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UK train system - does it actually sell 'weekly tickets'?

UK train system - does it actually sell 'weekly tickets'?

Old May 26th 2009, 8:54 pm
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Default UK train system - does it actually sell 'weekly tickets'?

Well I'm struggling to understand Oyster Cards and the multitude of fares available, but all I want is the standard commuter price....what here in Sydney is a plain 'weekly' (or monthly) ticket.

Any ideas what they're called and where I find them online - a lovely BE person gave me the National Rail Enquiries website but I can't get my head around which fare does what!
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Old May 26th 2009, 8:59 pm
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Default Re: UK train system - does it actually sell 'weekly tickets'?

Maybe someone could also throw light on why when I search for Brum to London it gives me the single fare of £21.50 but a return of £141 ??????


Originally Posted by ezzie
Well I'm struggling to understand Oyster Cards and the multitude of fares available, but all I want is the standard commuter price....what here in Sydney is a plain 'weekly' (or monthly) ticket.

Any ideas what they're called and where I find them online - a lovely BE person gave me the National Rail Enquiries website but I can't get my head around which fare does what!
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Old May 26th 2009, 9:05 pm
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Default Re: UK train system - does it actually sell 'weekly tickets'?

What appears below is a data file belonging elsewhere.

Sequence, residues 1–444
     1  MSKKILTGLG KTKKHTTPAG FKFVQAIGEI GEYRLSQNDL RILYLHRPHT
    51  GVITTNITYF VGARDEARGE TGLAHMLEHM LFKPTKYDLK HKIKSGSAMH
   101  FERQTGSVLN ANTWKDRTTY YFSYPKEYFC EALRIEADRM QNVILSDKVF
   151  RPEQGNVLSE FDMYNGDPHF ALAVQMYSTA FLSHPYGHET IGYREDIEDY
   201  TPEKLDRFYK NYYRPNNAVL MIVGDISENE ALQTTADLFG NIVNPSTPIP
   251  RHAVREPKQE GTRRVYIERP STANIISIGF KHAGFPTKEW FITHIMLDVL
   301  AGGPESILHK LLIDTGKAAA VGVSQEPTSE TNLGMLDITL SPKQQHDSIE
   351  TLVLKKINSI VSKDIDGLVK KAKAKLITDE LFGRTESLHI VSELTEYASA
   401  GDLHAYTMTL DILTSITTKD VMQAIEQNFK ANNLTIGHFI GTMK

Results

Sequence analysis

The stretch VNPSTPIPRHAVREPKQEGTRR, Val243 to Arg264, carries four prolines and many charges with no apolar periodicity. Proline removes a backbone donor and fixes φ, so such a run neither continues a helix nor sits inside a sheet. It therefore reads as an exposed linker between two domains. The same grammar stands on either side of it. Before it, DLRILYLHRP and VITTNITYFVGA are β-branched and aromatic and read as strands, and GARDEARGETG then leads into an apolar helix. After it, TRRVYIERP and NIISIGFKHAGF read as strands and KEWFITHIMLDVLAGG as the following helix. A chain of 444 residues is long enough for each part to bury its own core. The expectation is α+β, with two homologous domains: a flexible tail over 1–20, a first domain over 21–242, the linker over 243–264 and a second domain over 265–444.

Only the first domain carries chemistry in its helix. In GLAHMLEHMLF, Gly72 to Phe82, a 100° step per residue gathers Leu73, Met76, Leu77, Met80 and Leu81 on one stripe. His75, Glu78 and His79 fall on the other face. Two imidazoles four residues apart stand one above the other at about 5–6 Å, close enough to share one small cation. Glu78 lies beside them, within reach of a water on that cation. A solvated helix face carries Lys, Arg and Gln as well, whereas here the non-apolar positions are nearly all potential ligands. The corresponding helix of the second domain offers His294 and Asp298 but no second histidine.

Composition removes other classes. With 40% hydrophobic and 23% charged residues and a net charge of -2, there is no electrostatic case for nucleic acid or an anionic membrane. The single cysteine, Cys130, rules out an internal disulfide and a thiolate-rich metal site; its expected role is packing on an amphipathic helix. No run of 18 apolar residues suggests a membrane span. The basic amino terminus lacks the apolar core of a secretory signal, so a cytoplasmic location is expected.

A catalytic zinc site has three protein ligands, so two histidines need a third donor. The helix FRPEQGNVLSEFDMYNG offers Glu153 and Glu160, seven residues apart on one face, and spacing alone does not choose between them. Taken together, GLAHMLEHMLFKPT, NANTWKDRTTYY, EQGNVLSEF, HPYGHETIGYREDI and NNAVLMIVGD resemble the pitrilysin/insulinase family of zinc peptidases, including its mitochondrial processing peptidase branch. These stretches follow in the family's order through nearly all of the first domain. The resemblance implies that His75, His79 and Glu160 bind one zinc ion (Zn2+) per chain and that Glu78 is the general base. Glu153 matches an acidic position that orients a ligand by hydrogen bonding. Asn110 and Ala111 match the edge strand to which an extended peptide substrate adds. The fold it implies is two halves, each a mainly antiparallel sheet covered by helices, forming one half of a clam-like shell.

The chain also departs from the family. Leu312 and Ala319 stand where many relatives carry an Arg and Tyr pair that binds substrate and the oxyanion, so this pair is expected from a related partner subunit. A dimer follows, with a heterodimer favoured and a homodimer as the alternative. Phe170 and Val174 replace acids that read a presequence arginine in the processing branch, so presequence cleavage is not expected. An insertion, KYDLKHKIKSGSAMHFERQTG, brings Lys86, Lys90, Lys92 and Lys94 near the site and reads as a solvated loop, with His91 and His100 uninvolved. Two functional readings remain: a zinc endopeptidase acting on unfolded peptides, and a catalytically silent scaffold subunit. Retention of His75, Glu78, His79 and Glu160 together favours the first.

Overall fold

Originally Posted by ezzie
Maybe someone could also throw light on why when I search for Brum to London it gives me the single fare of £21.50 but a return of £141 ??????
It just works out that way sometimes - you can get two singles more cheaply than a return.

I use this site for buying tickets: http://www.nationalrail.co.uk/ - they don't charge you extra for using a credit card (like TheTrainline.co.uk does).
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Old May 26th 2009, 9:15 pm
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Default Re: UK train system - does it actually sell 'weekly tickets'?

That's the site that's confusing me (must start taking fish oil!)...any idea which fare is the equivalent of a weekly?

Originally Posted by dunroving
It just works out that way sometimes - you can get two singles more cheaply than a return.

I use this site for buying tickets: http://www.nationalrail.co.uk/ - they don't charge you extra for using a credit card (like TheTrainline.co.uk does).